The new Chevy Equinox, particularly in the less-expensive LT version like this, offers a lot of what you need and none of what you don’t. Though I want a sunroof, I don’t need one. The bumpy fabric seats don’t really appeal to the eye but they were perfect for my 5-foot-10, not-very-wide frame. Back support and the bolsters kept me planted in my seat and I put a few hundred miles on this ‘ute, so I was in there for a while. The dash looks a little cheap, but the leather-wrapped steering wheel looks and feels nice.
What’s more important in the Equinox is that there’s plenty of space, front and back, and I threw a ton of baby stuff in the cargo area without having to maneuver. The child seat and base were easy to hook in, and still left plenty of room for the front passenger.
This particular SUV is powered by the smaller 1.5-liter turbo four from Chevy. Power is only at 170 hp but torque is at 203 lb-ft. I’d say it’s just enough not to be annoying. You have to floor it to get any speed going, but most of the time it’s perfectly acceptable. The MPG gauge claims I got 26.5 in my last 50 miles, and that’s impressive. It cost me 30 bucks to fill it up with regular — no need for premium fuel here even with the turbo.
Acceleration is, like I said, acceptable — the new Equinox is 400 pounds lighter than the outgoing model — but never thrilling. The brakes have a great feel with little pedal travel and any jarring inside the cabin from bumps is mostly kept in check; the noise, less so, but at $30K and change, I think that’s acceptable.
It’s a better handler than the outgoing model as well and the steering weight and feel is pretty good for this class of car. Not too light, not too heavy.
The new 2018 Equinox ranges from about $25,500 to about $32,000, so it offers a lot of car for the money. That 1.5 is not your only choice, either: There’s a stout 2-liter turbo and a diesel available in the Equinox ine too.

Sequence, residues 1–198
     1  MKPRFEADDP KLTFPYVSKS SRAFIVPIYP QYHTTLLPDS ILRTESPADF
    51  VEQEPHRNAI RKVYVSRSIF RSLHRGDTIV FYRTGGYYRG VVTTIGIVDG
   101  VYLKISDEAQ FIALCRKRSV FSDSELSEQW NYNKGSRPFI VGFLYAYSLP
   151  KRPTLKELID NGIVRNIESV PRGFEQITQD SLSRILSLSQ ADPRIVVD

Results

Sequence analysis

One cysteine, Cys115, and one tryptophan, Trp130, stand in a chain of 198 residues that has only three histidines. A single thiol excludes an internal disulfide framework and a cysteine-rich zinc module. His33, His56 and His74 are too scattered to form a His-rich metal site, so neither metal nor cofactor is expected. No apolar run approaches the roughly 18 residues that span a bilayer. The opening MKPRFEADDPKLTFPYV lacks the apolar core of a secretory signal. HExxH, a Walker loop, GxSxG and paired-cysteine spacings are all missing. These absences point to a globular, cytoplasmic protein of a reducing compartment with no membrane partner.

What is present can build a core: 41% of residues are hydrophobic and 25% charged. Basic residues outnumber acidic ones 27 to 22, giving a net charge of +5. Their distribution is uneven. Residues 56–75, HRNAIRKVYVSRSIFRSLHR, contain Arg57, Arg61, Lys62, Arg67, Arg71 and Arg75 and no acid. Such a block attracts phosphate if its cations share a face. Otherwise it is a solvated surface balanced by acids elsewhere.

It’s easy to live with and deserves a test drive if you’re in the market for a compact SUV.
–Jake Lingeman, road test editor
The new Equinox gets the same grille treatment found on the Cruze, Trax and every other current-gen Chevy available. The familiar styling on this Equinox feels a little too familiar; the interior, too feels borrowed from its production line compatriots. The plasticky rubber dash and hard touch points won’t earn too many accolades, but they should last a long time.
The smaller turbocharged I4 is potent enough for you to forget about the styling. Hauling your family around won’t tax the powertrain, but you might find the automatic stop-start to be invasive. Every new Chevy (with the exception of its performance cars) rolls out with this undefeatable system, so we’re hoping Chevy will iron out the system’s jarring nature.
Chevy put the Equinox on a 400-pound diet and made it into the crossover that most folks say that they want, so it’ll likely be a hit despite my styling ennui.
–Wes Wren, associate editor
Options: Confidence and convenience package including rear power liftgate, remote vehicle start, driver and front passenger heated seats, dual-zone air conditioning, auto climate control, universal home remote, leather-wrapped steering wheel, side blind zone alert, rear cross traffic alert, rear park assist, power adjustable outside mirrors, heated ($1,945)
On Sale: Now
Base Price: $29,395
As Tested Price: $31,735
Powertrain: 1.5-liter DOHC turbocharged I4, AWD six-speed automatic
Output: 170 hp @ 5,600 rpm; 203 lb-ft @ 2,000-4,000 rpm
Curb Weight: 3,540 lb
Fuel Economy: 24/30/26 mpg(EPA City/Hwy/Combined)
Pros: Space for family and stuff
Cons: Nothing really exciting or soulful about it